DNO Electricity North West has completed its largest ever consultation, committing just under £2bn in its first draft of intended network upgrades running until 2028.
Submitted this week for Ofgem’s approval, the gridco plans capital and operating improvements totalling £ 1.97bn, up more than 40% on its last five-year regulatory commitment.
The heavy spend is required in part to make the operator’s regional grid technically compliant with handling increased and bi-directional traffic, as envisaged from April 2023 under the National Grid’s RIIO – ED2 five-year price capping regime.
Owned by a consortium comprising China’s state investment company CNIC, Japanese utility Kansai and London-based investors Equitix, the Warrington-based gridco serves around 5 million customers and 2.5 million properties between suburban Manchester and Cumbria.
Three pillars supporting ENW’s plan are
- Cutting outages suffered by customers by 20%, and speeding reconnection times to the same extent
- Achieving a consistent 90% level of customer satisfaction, including support for vulnerable customers in fuel poverty.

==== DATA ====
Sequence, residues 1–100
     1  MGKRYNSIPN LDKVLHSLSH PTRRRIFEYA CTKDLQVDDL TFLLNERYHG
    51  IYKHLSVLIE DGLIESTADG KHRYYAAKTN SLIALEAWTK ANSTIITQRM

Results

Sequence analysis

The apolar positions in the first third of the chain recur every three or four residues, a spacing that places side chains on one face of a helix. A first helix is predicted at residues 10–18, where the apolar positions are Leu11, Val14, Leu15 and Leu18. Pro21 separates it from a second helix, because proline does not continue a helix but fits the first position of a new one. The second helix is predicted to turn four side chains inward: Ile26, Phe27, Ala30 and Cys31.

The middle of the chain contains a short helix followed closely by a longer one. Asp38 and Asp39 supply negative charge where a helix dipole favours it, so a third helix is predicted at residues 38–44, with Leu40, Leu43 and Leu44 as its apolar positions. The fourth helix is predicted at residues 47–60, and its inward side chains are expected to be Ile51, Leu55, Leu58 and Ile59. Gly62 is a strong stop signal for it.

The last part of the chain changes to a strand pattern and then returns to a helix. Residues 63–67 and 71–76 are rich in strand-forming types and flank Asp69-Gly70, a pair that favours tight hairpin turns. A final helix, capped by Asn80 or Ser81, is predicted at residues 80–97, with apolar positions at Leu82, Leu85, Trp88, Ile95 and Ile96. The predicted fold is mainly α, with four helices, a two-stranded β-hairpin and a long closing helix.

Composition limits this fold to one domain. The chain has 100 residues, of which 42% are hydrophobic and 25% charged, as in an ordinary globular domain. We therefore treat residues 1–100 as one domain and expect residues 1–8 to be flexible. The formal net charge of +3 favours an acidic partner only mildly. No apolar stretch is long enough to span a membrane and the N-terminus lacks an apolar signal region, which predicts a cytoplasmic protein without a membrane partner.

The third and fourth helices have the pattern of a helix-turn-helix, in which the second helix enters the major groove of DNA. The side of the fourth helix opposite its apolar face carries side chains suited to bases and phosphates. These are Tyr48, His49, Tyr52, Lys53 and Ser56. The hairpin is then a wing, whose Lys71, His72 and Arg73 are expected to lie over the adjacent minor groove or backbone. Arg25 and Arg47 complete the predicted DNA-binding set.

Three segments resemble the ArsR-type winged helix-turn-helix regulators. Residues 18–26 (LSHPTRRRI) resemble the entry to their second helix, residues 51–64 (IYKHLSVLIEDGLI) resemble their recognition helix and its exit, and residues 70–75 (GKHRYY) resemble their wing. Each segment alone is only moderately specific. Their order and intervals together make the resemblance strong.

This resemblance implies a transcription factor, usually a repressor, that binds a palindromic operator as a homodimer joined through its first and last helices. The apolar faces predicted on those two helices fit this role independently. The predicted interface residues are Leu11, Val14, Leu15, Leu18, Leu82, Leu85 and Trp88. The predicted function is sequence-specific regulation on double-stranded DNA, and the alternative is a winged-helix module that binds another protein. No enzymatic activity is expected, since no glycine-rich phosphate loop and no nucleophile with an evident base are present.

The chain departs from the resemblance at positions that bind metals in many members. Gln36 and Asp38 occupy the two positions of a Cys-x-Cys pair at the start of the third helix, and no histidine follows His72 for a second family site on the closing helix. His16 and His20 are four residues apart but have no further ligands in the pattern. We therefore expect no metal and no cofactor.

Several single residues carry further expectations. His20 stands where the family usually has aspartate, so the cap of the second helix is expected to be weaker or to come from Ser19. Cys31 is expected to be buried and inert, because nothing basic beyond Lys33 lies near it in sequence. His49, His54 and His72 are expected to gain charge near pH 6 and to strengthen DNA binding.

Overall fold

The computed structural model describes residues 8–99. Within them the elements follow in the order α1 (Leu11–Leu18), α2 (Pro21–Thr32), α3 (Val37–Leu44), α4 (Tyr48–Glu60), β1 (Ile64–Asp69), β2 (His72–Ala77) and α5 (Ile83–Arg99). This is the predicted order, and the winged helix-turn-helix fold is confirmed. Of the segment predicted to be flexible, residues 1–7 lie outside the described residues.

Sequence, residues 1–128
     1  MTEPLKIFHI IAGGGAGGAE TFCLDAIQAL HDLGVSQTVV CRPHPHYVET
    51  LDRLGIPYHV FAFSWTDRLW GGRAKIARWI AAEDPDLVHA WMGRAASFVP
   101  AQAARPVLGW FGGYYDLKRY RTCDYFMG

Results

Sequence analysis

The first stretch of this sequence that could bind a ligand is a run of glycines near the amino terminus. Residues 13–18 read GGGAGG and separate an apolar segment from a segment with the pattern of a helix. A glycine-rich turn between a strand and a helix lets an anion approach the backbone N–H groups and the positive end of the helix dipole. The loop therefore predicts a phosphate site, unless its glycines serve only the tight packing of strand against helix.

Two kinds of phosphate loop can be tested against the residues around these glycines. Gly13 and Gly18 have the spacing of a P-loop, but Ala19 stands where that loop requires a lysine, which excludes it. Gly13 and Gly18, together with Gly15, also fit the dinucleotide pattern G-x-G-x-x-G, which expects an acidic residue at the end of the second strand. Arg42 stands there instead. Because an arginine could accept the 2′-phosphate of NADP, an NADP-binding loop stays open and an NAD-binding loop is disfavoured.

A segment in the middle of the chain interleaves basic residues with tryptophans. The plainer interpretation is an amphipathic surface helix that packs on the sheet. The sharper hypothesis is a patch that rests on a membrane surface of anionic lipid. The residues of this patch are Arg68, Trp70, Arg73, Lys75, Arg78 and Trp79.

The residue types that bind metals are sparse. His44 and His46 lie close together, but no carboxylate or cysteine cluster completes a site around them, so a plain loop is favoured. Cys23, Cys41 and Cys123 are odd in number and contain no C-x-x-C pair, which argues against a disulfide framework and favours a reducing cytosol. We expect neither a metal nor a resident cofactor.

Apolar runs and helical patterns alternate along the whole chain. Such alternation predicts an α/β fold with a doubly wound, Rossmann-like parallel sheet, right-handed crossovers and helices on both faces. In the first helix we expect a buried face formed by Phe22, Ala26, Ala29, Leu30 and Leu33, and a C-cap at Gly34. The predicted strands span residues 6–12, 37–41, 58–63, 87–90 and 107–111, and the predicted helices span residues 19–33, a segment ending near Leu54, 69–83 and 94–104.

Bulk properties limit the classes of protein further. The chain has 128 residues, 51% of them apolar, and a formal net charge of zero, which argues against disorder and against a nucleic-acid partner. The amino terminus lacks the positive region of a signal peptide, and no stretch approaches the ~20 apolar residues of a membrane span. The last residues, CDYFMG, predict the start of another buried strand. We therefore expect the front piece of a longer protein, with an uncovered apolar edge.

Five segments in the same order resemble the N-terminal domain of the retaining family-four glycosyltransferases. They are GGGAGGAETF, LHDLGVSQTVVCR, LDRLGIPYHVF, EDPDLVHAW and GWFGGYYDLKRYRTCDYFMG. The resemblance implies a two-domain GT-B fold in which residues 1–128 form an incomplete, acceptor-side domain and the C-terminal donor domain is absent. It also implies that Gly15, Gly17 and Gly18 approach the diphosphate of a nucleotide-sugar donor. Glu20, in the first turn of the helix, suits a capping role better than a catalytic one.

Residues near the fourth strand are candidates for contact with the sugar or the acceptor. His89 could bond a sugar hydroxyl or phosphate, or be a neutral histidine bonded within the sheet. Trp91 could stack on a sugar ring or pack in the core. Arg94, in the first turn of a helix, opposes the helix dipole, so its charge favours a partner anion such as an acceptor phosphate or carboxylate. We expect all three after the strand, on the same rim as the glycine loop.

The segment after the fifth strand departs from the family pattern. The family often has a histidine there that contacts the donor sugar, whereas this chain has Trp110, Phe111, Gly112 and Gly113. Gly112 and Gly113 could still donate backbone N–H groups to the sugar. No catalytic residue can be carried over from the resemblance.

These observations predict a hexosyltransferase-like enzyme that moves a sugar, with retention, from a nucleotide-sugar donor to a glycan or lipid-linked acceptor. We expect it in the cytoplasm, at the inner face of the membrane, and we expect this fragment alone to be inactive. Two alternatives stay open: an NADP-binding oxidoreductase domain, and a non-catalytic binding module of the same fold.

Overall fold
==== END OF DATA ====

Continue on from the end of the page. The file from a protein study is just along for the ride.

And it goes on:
- Accelerating delivery of its own Net Zero operations to 2038, and helping its customers to the same goal.
Shaping the budgeting decisions have been around 18,000 submissions gathered over two years from the DNO’s customers and other stakeholders.
Specific yearly spending targets in the plans include:
- £1 million annually to support co-operative- or community-led projects in green power generation from hydro, solar and wind
- £2 million each year to ease the burden of homes in fuel poverty. By 2028, ENW calculates these will amount to 250,000 customers in its region
- A £250,000 fund also prioritising low-income households, deploying microgeneration from solar, and removing barriers to uptake of EVs
Up to 3 million EVs will need charging from ENW’s grid by 2050, the DNO calculates.
Another benchmark is remedying bottlenecks and pinch points, as identified by the gridco according to Ofgem’s definition of ‘worse served customers’. Supported by a £20 million budget, ENW says it already has workplans to improve service to 4,500 clients currently suffering its poorest delivery, and by 2028 to help 30,000 more customers located along the same links.
Further consultation on the plan remains open until 3 May. Read it here.